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Elon Musk and Twitter Clash in Court Over Document Disputes, a Whistleblower Complaint and the Looming October Trial

Elon Musk and Twitter

In this illustration photo taken on July 18, 2022, Elon Musk’s Twitter page is displayed on the screen of a smartphone with Twitter logos in the background in Los Angeles.

For more than three hours on Tuesday, attorneys for Twitter and Elon Musk clashed in court over discovery demands, a whistleblower complaint, and whether the postpone the October trial date.

At one point, Twitter’s lawyer asked a Delaware judge to sanction Musk’s counsel for failing to turn over text messages until the company turned up the heat on his legal team.

“We submit that something needs to be done to put defendants on notice that this kind of behavior has to stop,” Twitter’s attorney Bradley Wilson argued.

According to Twitter, the company worried that the sought-after text messages would have been deleted, until the social media giant filed its sanctions motion.

“It turns out that if you tell Mr. Musk that you know he has relevant text messages, and you file a motion for sanctions, you get production of text messages,” Wilson said.

In the rambunctious hours-long hearing, Twitter and Musk’s attorneys traded complaints about the other party’s production of documents. Twitter described the evidence that Musk’s attorneys turned over as “meager,” and Musk’s counsel asked to delay trial to pore over more than 200,000 pages of Twitter’s internal communications over Slack.

“It has been a game of hide and seek,” Musk’s attorney Andrew Rossman, from the firm Skadden Arps, said.

In July, Twitter sued Musk for pulling out of a $44 billion merger deal. Musk has since filed a countersuit against Twitter, accusing the company of fraudulently inflating the company’s value.

The Delaware Court of Chancery is known for its speedy resolution of disputes, and Chancellor Kathaleen S. McCormick upheld that reputation at a hearing held one week after Twitter filed suit, when she fast-tracked a trial for Oct. 17. The fact-gathering process has proceeded with a brisk pace since that time.

On Tuesday, Musk’s attorneys made multiple requests to delay that trial, citing discovery disputes and a recent whistleblower complaint. Rossman claimed that it’s become “blindingly obvious” that the “current schedule no longer works.”

According to Rossman, one of the Slack messages at issue said: “Let’s stop lying to ourselves. We lie to ourselves a lot,” but other responses in the chain were shielded by redactions.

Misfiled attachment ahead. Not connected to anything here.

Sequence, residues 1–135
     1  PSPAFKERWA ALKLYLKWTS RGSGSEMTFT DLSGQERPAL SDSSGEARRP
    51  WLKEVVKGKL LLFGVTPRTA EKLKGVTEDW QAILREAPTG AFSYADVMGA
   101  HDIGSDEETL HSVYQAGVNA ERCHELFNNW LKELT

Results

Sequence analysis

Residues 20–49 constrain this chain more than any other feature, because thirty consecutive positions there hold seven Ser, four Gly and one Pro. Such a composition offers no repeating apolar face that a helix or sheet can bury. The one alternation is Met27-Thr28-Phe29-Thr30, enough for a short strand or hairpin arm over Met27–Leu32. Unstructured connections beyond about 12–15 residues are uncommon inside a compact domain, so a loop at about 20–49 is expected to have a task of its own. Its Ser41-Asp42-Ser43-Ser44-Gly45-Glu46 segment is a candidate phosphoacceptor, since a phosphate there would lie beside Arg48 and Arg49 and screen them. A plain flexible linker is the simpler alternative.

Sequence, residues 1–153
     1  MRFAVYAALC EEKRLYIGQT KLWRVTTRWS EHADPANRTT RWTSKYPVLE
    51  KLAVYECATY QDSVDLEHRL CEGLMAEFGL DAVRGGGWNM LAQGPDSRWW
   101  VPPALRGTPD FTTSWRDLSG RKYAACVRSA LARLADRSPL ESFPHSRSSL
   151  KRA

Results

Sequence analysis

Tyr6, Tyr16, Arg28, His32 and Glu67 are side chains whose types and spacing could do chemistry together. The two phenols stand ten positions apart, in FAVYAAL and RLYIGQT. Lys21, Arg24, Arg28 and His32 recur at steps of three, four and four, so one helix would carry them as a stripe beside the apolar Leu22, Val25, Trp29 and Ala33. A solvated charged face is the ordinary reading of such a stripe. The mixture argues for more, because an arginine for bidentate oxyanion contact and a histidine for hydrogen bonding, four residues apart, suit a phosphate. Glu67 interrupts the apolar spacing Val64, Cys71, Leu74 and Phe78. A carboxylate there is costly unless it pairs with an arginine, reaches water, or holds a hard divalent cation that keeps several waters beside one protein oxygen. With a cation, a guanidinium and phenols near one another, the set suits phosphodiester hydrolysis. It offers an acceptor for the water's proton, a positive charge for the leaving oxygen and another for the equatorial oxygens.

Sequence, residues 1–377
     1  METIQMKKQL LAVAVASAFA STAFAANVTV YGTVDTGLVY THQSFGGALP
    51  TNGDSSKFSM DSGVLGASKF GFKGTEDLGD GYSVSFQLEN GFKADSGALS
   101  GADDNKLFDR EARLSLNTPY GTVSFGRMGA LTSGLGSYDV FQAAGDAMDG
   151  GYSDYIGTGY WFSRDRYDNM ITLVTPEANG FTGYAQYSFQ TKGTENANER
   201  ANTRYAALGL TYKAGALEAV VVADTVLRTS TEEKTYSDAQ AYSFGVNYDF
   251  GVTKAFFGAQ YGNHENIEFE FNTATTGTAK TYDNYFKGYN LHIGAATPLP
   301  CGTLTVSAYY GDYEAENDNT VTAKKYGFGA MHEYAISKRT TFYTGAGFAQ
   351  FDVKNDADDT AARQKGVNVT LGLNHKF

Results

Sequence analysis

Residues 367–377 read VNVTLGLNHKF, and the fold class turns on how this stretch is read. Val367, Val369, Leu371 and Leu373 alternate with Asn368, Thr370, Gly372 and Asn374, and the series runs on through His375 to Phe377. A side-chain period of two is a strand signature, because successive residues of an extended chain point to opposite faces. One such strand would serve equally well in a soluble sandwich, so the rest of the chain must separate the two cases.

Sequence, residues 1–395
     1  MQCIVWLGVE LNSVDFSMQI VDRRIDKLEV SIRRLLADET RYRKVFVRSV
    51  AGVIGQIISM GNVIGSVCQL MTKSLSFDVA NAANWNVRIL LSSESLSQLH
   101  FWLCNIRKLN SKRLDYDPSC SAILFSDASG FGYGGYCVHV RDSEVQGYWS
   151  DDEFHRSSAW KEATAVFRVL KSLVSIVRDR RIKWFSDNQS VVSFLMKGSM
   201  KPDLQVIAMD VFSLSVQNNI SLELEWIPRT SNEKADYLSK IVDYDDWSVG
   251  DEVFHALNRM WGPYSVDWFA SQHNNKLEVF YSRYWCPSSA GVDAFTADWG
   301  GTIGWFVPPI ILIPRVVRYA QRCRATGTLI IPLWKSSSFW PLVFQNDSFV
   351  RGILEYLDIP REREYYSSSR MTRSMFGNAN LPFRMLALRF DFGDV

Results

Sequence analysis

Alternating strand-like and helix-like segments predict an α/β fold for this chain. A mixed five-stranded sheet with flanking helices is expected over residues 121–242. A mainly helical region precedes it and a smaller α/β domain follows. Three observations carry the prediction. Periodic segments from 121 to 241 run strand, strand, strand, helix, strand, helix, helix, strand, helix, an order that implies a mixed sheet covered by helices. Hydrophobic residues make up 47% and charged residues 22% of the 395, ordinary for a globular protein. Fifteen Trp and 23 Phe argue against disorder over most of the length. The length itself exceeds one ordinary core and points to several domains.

Twitter’s counsel estimated that there are 200,000 pages of Slack messages at issue.

Wilson bristled at the notion that the company “took a breath” on their discovery obligations.

“To accomplish this unprecedented data pull, there have been folks at Twitter working around the clock,” Wilson said.

Telling the judge that Musk keeps sending late-breaking discovery demands on the cusp on the deadline, Wilson added: “At some point, your honor, this needs to stop.”

Twitter also downplayed the whistleblower complaint filed by its former security head Peiter “Mudge” Zatko, echoing many of Musk’s claims that the company low-balled the percentage of accounts that are spam.

“Peter Zatko was not in charge of spam at Twitter, full stop,” Wilson said.

The Washington Post profiled Zatko in late August, and Musk’s counsel cited the exposé in service of their motion to amend their complaint, saying that any harm to this case would come from Twitter “hiding” information about him.

“They should have told us,” Musk’s attorney said, referring to the whistleblower’s allegations. “They should have told the court, and they should have told the public.”

Twitter’s attorney William Savitt characterized the bid to amend their claims as another “delay” tactic, pointing to a communication he attributed to Musk.

“It won’t make sense to buy Twitter if we’re sliding into World War III,” Musk allegedly wrote.

For Savitt, the message gave up the game.

“This post-signing inquisition of Twitter isn’t due diligence,” the Twitter attorney said, urging the judge to reject Musk’s bid to “run out the clock.”

Savitt called the whistleblower complaint as the “unsubstantiated allegations” by a “disgruntled” ex-Twitter employee, who tailored “deeply suspect” claims around their adversary’s case.

The judge adjourned the proceedings without a ruling.

(Photo by CHRIS DELMAS/AFP via Getty Images)

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Law&Crime's managing editor Adam Klasfeld has spent more than a decade on the legal beat. Previously a reporter for Courthouse News, he has appeared as a guest on NewsNation, NBC, MSNBC, CBS's "Inside Edition," BBC, NPR, PBS, Sky News, and other networks. His reporting on the trial of Ghislaine Maxwell was featured on the Starz and Channel 4 documentary "Who Is Ghislaine Maxwell?" He is the host of Law&Crime podcast "Objections: with Adam Klasfeld."